I’m used to how Go and Java code is organized, but haven’t been able to find any guidance on how Julia program code is organized.
AFAIK, the problem that Julia tries to solve on creating binaries while compiling all possible methods for all type combinations has not been done by any language so far. The problem looks so mighty that I fear it will never be completely solved.
This does indeed seem to be a XY Problem.
IDE support, and breaking things up into multiple files is unrelated to compiling a binary.
I use VS-code all the time, as my IDE,
and i work on packages that are typically broken up into 6-12 files.
And on larger production systems that are broken up into dozens of packages and net hundreds of files.
I have never compiled a julia binary.
(keep meaning to, but never got around to it).
It’s a bit like getting in an electric car and saying “okay, but where do I put the gasoline?” The answer is that you don’t, but that’s okay and your user experience can be pretty much the same or better.
Fortunately though, getting static compilation working in Julia is easier than sticking a combustion engine in a Tesla.
@oxinabox - That sounds like what I want to do.
How are the large production systems organized so Julia can find all of your packages and files? I won’t be writing a large system, but I don’t want my project layout to become a problem as I add packages and files.
This would be an example for a Julia program (not a package): GitHub - ufechner7/KiteViewer: 3D viewer and simulator for airborne wind energy systems
│ ├── kite.obj
│ ├── KiteViewer.desktop.template
│ ├── KiteViewer.png
│ ├── log_8700W_8ms.arrow
│ ├── log_8700W_8ms.csv
│ ├── log_8700W_8ms.csv.xz
│ ├── settings.yaml
│ ├── system.yaml
│ └── Test_flight.arrow
│ ├── KiteViewer.png
│ ├── notes.txt
│ ├── SystemImage.md
│ ├── Tests.md
│ └── Windows.md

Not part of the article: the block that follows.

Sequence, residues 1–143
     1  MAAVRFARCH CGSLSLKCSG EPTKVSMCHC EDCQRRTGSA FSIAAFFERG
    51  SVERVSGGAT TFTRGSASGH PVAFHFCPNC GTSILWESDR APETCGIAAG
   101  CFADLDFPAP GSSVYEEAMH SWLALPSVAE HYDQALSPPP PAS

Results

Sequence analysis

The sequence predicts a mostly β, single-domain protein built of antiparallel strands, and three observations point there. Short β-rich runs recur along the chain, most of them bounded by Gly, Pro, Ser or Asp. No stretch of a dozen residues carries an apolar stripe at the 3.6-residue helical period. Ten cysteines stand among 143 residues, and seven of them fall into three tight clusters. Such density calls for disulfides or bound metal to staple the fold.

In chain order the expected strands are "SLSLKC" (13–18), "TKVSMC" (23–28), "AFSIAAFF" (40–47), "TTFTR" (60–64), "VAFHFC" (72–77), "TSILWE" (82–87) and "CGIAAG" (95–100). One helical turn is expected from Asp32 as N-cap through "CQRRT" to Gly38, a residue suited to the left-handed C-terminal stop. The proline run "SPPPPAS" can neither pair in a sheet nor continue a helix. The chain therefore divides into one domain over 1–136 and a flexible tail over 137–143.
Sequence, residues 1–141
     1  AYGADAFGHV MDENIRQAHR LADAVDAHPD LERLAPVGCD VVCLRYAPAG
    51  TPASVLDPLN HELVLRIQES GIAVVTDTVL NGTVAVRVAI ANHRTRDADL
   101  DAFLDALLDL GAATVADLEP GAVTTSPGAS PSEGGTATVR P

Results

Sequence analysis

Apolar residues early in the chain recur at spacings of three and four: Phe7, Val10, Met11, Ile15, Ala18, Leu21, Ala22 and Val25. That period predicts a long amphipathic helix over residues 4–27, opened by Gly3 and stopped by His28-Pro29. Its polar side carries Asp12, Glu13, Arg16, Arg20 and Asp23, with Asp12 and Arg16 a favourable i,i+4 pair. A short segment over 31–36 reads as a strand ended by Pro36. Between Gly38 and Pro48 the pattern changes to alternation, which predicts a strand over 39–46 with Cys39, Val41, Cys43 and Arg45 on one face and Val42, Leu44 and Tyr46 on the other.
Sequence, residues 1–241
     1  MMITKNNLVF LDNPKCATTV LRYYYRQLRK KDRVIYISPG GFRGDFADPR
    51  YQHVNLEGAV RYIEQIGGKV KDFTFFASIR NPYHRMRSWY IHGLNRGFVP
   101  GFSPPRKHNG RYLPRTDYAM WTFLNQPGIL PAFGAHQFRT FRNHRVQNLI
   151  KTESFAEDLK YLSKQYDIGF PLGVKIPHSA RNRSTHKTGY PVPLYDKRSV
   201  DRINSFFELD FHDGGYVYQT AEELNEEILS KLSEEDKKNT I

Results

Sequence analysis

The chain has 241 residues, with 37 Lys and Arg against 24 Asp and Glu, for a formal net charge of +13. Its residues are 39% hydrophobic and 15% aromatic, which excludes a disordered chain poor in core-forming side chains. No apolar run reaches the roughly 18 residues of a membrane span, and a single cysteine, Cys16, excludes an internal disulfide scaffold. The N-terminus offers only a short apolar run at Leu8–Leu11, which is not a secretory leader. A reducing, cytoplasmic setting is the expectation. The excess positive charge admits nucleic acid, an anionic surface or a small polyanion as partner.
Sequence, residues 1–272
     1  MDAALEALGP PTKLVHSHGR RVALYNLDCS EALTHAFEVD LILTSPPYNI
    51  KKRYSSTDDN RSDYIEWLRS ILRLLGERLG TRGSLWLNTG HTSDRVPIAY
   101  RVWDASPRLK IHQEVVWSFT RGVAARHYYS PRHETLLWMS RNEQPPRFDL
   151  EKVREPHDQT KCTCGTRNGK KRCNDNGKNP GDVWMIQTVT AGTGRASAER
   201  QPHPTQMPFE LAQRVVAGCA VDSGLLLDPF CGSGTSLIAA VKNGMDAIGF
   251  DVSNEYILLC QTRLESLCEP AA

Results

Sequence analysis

│ ├── common.jl
│ ├── Components.jl
│ ├── DAE_Example.jl
│ ├── FPC.jl
│ ├── Importer.jl
│ ├── KiteViewer.jl
│ ├── KiteViewerPure.jl
│ ├── KiteViewers.jl
│ ├── Plot2D.jl
│ └── RTSim.jl
│ ├── create_sys_image.jl
│ ├── runtests.jl
│ ├── test_for_precompile.jl
│ ├── test_load_log.jl
│ ├── TestNLsolve.jl
│ ├── test_rt_sim.jl
│ ├── TestWindProfile.jl
│ └── update_packages.jl
It will never break because I store the Manifest files in the Project. It includes an installer and a script to create a system image. But this is just the top level program, I am in the process of moving more and more code to separate packages.
For organization, break your project up into separate packages with well defined functionality of limited scope. Then have specific project scripts (with a Project.toml file to version the dependencies) to tie them together for actual tasks you need to do. Pkg.activate creates such a project in any folder, adding packages will add to it.
All of you packages can just go in your
.julia/dev folder, and also should be on github or similar, and registered if they are broadly useful. Registering also makes local management easier, because you get package versioning and resolution.
This structure scales pretty well, Some of my projects have nested dependencies of my own packages that are 5 packages deep, because I keep building on old work, or abstracting new lower level packages instead of duplicating the code.
When you have your tools in packages you can use
Pkg.add to add them to a specific project, even for specific branches and commits if you have multiple projects that are not in sync. Dependency management in Julia is actually amazing. You can have multiple exactly reproducible projects in use at the same time, even containing 3rd party C++ libraries. And packages and even external libraries in them can be at different versions and it will still work.
On the other hand, Julias’ binary compilation story is very immature, basically everyone will acknowledge that. Because Julia is primarily a dynamic language attempting to also be compiled. Its a much harder problem than compiling go.
But the REPL is first class. You should suspend judgement and give it a try.